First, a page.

Best Eats

What makes a great meal in your opinion? Is it a confronting mouthfeel? Provocative plating? All you can eat bacon bits? In 2023, whether you were in the market for some left-field innovation or trad transcendence, these six taste-makers had you well and truly covered. Which nominee left the best taste in your mouth?

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Justin Shin started making and selling haejjanguk (Korean hangover soups) over Instagram. It was a lockdown project and his customer base was Sydney’s Korean community. He’d make dwaeji-gukbap (a cloudy pork bone soup) and sundae gukbap (pork bone broth with blood sausage) and deliver it across Sydney. Yeodongsik is that project turned into a restaurant. The reason this tiny, 25-seat restaurant has lines out the door almost every night is because this style of soup isn’t very common in Sydney. While haejjanguk is on the menu of countless Sydney restaurants, not many taste like Shin’s – or his mother and aunt-in-law’s to be precise; they came up with the recipes, initially served at Shin’s aunt-in-law’s restaurant in Korea and based on being simple and light. While many Korean restaurants in Sydney load up on salt, packet sauce and general intensity, the experience here feels worlds away from the norm. Add to that a soundtrack of mostly jazz, and a considered service style that’s educational but not in that over-explained, fine-diner way, Yeodongsik is extremely relaxed. The only thing that’s not relaxing about it is how conscious the diners are of the next in line waiting for their seats.

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Aileen Aguirre, Francis Dela Cruz, and Lesley Roque of Takam are offering a take on Filipino food this city has never seen before. Alongside the more recognisable mainstays of Filipino cuisine such as chicken insal (barbecued lemongrass chicken) and pancit palabok (vermicelli noodles served with a shrimp gravy and finger lime caviar), you’ll find lesser-known dishes from the archipelago’s 2000 inhabited islands, updated for a modern palette. This includes a vegan humba (replacing the traditional pork is soy and anise stewed jackfruit) and poqui-poqui (a fragrant smoked eggplant omelette served with mushroom rice). Diners can opt for these dishes as part of the café-style brunch menu, or try to secure one of only 10 seats at their much sought after Friday and Saturday dinners. The set menu offers a further deep dive into the unique flavours of a complex cuisine informed by decades of migration, trade and colonial history spanning three continents.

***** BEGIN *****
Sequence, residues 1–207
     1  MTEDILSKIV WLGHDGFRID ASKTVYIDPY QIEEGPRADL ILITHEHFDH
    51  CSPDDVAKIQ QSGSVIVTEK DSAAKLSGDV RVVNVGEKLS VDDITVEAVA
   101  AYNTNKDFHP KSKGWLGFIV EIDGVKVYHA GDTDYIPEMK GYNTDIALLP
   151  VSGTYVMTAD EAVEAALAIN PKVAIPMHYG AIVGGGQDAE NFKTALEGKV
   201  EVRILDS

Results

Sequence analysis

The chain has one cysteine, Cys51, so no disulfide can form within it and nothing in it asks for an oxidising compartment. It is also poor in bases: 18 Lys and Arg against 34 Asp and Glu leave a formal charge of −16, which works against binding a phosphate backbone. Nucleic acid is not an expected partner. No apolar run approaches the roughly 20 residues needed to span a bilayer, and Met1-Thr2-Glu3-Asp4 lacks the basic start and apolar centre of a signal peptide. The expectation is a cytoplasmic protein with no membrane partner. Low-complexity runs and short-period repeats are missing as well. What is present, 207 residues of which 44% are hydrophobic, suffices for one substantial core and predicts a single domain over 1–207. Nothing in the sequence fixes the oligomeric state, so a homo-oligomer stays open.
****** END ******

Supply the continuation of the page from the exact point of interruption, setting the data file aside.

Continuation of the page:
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Self Raised Bread Shoppe

Self Raised Bread Shoppe in Carlton is not your average bakery. You can trust that the dough will be pretty good, given that it’s shaped by the team behind beloved Bexley pizzeria My Mother’s Cousin. Sal Senan and siblings Huss and Amani Rachid fill their counter with everything from lamb kafta sausage rolls to cream cheese strawberry tarts. There’s a lot of care that goes into every order: the white sourdough used in their grilled cheese sandwich, for instance, is fermented for 30 hours and gloriously stacked with Double Brie, aged Maffra cheddar, mozzarella and Swiss cheeses, a good dose of mustard, mayonnaise and smoked salt – and an optional dose of garlic-thyme mixed mushrooms worth loading onto your toastie. Their burger sauce – which is inspired by Big Macs and drizzled onto their egg-cheese-hash-stuffed milk bun – is one of many punchy house-made elements that makes this breakfast staple special. And they also quietly (but admirably) make their menu as inclusive as possible: their hoagies are presented with in-house ciabatta that’s packed with halal-friendly cuts they’ve produced themselves, such as beef salami and turkey ham, which are alternatives to the traditional pork varieties.